Contributing Monkie Sarah Backhouse
Published on December 15, 2008
Supermodels have come a long way since Linda Evangelista famously said she wouldn’t get out of bed for less than $10,000 a day. From the old guard, some went on to host TV shows (Tyra, Heidi), others married movie stars (Christy, Cindy), others became embroiled in cocaine scandals (Kate), while others continue to make headlines for all the wrong reasons (Naomi). But hey, at least they were colorful. In comparison, the new breed, lead by Gisele Bünchen seem, well, boring.
That is, with one notable exception. Liya Kebede shows us that real beauty comes from the heart.
Forbes ranks Ethiopian stunner Kebede as the 11th highest earning supermodel in the world, grossing $2.5 million in 12 months. The 29-year-old was the face of Estée Lauder — the first black model to be bestowed that honor in the company’s 57-year history. Kebede also been featured in ad campaigns for Givenchy, YSL, Luis Vuitton, H&M and The Gap, to name a few. There’s no denying the statuesque model is stunningly beautiful, but in Kebede’s case, her beauty extends well past the superficial.
The model and mother of two was appointed as a WHO Goodwill Ambassador for Maternal, Newborn and Child Health back in 2005. From there, she set up the Liya Kebede Foundation to help reduce maternal and infant mortality. Her foundation’s website begins with some sobering statistics: “every minute, a woman dies from complications during child birth or pregnancy” and “every minute, 20 children under five die”. The real killer, however, is that most of the deaths occur due to “preventable or treatable conditions”.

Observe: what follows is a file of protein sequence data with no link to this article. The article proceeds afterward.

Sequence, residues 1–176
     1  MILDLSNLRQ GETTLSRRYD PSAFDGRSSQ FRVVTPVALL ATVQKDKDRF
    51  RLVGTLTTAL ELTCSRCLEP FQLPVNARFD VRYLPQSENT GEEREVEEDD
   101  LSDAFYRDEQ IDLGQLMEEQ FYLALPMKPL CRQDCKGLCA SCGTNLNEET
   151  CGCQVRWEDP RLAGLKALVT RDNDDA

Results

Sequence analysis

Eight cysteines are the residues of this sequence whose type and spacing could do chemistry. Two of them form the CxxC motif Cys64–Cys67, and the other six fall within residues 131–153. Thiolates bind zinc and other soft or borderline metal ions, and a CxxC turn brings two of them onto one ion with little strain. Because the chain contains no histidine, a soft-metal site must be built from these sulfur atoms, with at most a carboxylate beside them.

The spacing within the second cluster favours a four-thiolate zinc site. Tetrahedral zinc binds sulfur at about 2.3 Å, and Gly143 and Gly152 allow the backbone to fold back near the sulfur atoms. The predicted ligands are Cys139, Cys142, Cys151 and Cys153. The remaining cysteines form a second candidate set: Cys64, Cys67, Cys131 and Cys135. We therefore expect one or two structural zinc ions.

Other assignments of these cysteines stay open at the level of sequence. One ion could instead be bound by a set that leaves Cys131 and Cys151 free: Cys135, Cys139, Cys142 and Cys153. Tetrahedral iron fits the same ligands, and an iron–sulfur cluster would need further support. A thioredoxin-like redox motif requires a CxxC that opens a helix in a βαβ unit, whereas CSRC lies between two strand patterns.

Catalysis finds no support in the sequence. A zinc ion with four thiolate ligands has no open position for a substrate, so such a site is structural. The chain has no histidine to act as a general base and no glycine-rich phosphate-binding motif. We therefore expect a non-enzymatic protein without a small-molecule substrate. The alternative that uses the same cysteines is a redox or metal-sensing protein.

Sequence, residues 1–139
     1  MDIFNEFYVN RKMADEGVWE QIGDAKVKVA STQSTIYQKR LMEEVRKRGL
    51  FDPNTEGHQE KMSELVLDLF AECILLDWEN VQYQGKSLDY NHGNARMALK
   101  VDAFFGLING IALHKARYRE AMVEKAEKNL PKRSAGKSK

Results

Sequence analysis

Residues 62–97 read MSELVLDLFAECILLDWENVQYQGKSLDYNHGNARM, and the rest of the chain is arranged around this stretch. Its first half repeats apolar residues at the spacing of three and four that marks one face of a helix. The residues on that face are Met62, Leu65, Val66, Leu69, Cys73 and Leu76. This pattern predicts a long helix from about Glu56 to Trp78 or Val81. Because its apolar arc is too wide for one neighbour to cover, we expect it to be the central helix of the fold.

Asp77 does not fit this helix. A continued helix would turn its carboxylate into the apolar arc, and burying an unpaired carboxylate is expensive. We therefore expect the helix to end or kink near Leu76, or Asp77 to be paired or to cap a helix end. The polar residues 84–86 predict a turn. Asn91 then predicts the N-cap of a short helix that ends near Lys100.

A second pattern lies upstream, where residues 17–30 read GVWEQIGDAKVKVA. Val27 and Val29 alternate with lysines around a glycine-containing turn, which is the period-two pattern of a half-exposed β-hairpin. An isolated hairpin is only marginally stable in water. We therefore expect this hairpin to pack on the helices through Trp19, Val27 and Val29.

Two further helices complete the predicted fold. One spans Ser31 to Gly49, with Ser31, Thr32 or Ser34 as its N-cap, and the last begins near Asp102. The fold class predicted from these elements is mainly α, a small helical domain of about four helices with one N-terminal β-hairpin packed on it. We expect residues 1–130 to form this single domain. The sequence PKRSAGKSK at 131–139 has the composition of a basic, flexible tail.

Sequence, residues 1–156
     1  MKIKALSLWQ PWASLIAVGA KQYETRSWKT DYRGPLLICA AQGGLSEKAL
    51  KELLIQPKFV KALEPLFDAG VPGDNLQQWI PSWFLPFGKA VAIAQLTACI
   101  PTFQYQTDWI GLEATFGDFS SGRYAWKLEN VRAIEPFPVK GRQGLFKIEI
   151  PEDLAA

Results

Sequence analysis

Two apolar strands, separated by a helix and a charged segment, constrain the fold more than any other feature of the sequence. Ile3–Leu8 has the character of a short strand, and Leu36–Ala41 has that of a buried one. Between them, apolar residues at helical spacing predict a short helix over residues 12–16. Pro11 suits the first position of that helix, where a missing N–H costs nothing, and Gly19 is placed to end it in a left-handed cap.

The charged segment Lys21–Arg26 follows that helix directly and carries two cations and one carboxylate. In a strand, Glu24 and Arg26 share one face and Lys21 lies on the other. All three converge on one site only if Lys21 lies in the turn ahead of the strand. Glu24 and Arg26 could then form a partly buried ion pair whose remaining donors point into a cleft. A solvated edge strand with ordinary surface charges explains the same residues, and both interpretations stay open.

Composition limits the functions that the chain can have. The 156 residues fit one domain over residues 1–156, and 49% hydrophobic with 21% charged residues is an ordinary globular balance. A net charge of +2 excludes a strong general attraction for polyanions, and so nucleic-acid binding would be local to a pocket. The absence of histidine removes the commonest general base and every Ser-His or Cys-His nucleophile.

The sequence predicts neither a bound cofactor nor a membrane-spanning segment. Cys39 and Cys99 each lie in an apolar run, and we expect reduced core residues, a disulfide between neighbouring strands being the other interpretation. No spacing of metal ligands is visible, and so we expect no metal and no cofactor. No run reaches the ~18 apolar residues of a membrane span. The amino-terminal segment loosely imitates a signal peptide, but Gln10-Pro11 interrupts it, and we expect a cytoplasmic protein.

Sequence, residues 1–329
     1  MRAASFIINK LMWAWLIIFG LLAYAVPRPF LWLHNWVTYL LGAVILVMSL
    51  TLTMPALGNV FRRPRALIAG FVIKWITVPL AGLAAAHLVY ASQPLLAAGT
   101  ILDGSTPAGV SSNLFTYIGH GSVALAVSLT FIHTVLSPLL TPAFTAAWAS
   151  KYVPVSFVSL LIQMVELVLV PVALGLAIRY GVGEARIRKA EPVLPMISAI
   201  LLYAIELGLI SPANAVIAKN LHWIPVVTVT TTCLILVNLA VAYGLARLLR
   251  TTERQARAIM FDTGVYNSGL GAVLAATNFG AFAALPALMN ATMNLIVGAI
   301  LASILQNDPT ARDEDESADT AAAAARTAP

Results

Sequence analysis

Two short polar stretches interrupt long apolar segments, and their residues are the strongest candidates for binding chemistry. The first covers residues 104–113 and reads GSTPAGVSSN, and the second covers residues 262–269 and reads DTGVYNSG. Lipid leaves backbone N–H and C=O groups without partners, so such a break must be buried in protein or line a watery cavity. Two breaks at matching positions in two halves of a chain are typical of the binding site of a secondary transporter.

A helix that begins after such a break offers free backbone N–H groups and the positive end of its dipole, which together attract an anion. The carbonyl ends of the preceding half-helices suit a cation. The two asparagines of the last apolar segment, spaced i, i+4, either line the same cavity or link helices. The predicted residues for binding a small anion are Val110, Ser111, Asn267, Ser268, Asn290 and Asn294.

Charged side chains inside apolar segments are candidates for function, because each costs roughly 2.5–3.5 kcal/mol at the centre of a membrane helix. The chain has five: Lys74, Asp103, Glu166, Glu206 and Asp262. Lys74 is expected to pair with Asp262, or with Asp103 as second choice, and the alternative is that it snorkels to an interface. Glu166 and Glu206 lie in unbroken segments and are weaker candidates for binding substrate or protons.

In an interview with the BBC, Kebede says that “working as a model has given me a platform to be able to give voice for women who don’t have that voice.” She is using her voice to increase awareness about the importance of basic medical interventions, which can be used to treat high blood pressure, infections, hemorrhaging, obstetric fistular and other child birth complications for mothers — 70% of which are preventable. On the infant side, malaria and diarrhea remains biggest killers — once again, treatable conditions.
On being a mother Kebede observes: “Having children makes you see the world differently and makes you feel so responsible. [It] makes you less selfish. You want to know what’s going to happen in the next 100 years. You want to know that your kids will be okay and your grandkids and the environment will be okay.”
I encourage everyone to read more about the inspirational Liya Kebede — mother, humanitarian, Ethiopian expat who has achieved greatness with her work. This is one supermodel who truly does deserve the title.